One of my favorite books is The Dictionary of Cultural Literacy, a compendium of information that every well-educated person should know. In its voluminous 647 pages you will find references to swing music and jazz and even a paragraph about Ella Fitzgerald.
It describes Fitzgerald as “A twentieth-century African-American jazz and popular singer … known for the clarity of her voice and ability to interpret the works of a great variety of songwriters, including Irving Berlin, Duke Ellington, George Gershwin, Cole porter, and Richard Rodgers.”
Important to know, but the way to appreciate Ella Fitzgerald’s music is to listen to it rather than just read about it.
That’s why this review of a documentary called “Ella Fitzgerald: Just One of Those Things” should be taken as an exhortation to see – and listen to – this excellent, but straightforward, introduction to the singer who over her six-decade career was alternatively known as the “First Lady of Swing,” “First Lady of Jazz,” and “First Lady of Song.”
Toward the end of her career, she joked, “Ain’t gonna leave me behind … I’m learning to rap.”
In this solid documentary directed by Leslie Woodhead, we follow Ella Fitzgerald’s life – and her music – in a chronological fashion: coming to the north with her mother in “the Great Migration” of blacks leaving the racism and poverty of the south; settling in Yonkers, New York; dancing on street corners in Harlem for a nickel. And a triumphant career that spanned the world.
“Ella Fitzgerald: Just One of Those Things” debuts June 26 as part of Tropic Cinema’s Virtual Cinematheque Series.
Surprisingly, Ella started off to be a dancer. A skinny 16-year-old, she signed up to perform at Apollo Theater’s first Amateur Night in 1934. When she saw how good the dancing sisters who preceded her were, she decided to try singing instead. The audience laughed as she came on stage, a “shabby street kid” in a dirty dress. Ella had never sung in public before. But as Norma Miller, who was there that night, tells us, the girl pulled something out of her that was “magical.”
This was during the so-called Harlem Renaissance, a flowering of African-American musical talent, a mixture of blues, jazz, musical theater. And despite initial objections (“I don’t want that ugly ol’ thing”), Savoy drummer and band leader Chick Webb hired her as his lead singer. A tubercular hunchback, Chick and his wife became surrogate parents to the talented teenager who had lost her own mother at 13 and spent time in a reform school where she was deemed “ungovernable.”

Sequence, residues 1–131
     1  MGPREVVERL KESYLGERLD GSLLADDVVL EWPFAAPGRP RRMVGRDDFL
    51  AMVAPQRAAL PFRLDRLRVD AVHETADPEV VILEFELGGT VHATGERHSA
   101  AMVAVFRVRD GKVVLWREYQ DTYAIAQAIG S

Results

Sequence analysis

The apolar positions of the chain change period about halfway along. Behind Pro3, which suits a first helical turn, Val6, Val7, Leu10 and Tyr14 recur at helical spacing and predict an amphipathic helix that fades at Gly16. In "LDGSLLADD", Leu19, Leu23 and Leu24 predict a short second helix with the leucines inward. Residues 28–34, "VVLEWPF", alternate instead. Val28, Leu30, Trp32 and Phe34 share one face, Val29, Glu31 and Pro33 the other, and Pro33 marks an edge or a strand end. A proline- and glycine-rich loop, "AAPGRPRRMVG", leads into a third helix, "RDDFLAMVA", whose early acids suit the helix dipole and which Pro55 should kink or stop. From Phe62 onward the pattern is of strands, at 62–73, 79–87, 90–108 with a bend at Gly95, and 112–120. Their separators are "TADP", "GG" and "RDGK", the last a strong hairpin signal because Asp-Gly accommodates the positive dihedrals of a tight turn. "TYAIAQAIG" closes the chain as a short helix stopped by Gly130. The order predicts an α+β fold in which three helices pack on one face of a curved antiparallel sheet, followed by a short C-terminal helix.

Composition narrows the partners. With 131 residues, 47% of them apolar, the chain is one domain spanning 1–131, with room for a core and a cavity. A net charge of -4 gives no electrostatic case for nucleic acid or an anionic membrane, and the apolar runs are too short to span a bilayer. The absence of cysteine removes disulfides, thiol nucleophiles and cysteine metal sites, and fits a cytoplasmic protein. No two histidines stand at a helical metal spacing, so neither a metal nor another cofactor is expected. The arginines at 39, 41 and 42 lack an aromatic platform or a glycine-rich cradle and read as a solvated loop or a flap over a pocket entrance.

But as Ella once said, “It isn’t where you came from … it’s where you’re going that counts.”
Soon she was singing on Benny Goodman’s radio show. And her take on the child’s nursery rhyme “A Tisket A Tasket” went to the top of the hit parade.
She was voted America’s Number One Vocalist.
When Chick Webb died, Ella took over his band.
But there was still much ahead of her as she conquered swing, turned her voice into a musical instrument with her be-bop scat renditions like “Fly Me to the Moon,” and signed with Norman Granz for his Jazz at the Philharmonic World Tours.
A Svengali-like control freak, Granz reshaped her music, matching her voice with the Great American Songbook classics like “Foggy Day in London Town,” “A Fine Romance,” and “The Way You Look Tonight.” Together, they formed Verve Records.
Despite her artistry, Ella Fitzgerald faced racism. And Granz saw himself as a “righteous man,” campaigning against segregation with music.
“We’re All Here,” Ella summed up her own view on racism. “I’m just a human being.”
Marilyn Monroe championed Ella Fitzgerald, insisting that white nightclubs hire the black performer or face MM’s wrath. Marilyn would sit in the front row for every performance, assuring crowds.
This largely black-and-white documentary is peppered with colorful comments by such admirers as Tony Bennett, Smokey Robinson, Dizzy Gillespie, and Johnny Mathis. We see her perform briefly with Frank Sinatra.
We witness her brief marriage to musician Ray Brown. They adopt a son who we hear from. We follow along on the world tour in the mid-‘80s where she has a heart attack. Right up to losing both legs from diabetes is 1993 and dying on June 15, 1996 at 79.
“She was a genius who had no idea of her own genius … none,” said her last road manager.
As Ella put it, “I kept on.”
She sang the “Soundtrack of the 20th Century.” But this is not a concert video. Nonetheless, the samples we hear of “How High the Moon,” “Did You Ever See a Dream Walking,” “Smoke Gets in Your Eyes,” and “But Not for Me” will remind you of the rich cultural heritage we share.
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